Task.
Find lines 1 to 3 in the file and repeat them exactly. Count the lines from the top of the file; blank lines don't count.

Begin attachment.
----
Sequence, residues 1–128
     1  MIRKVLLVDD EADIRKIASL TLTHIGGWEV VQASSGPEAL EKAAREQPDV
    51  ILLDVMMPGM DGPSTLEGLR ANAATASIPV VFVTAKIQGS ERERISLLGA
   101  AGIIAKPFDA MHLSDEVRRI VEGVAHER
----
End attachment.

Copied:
Sequence, residues 1–128
     1  MIRKVLLVDD EADIRKIASL TLTHIGGWEV VQASSGPEAL EKAAREQPDV
    51  ILLDVMMPGM DGPSTLEGLR ANAATASIPV VFVTAKIQGS ERERISLLGA